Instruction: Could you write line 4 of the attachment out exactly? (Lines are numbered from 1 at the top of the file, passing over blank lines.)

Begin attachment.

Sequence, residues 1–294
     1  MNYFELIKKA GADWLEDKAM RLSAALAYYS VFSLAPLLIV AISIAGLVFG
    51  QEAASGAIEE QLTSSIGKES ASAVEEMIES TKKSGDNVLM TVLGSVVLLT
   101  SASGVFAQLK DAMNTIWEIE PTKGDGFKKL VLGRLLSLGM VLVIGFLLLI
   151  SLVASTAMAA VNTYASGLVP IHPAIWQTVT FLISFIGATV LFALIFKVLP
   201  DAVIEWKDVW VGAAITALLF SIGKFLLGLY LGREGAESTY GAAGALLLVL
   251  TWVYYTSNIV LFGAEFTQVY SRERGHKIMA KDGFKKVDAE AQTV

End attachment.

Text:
   101  SASGVFAQLK DAMNTIWEIE PTKGDGFKKL VLGRLLSLGM VLVIGFLLLI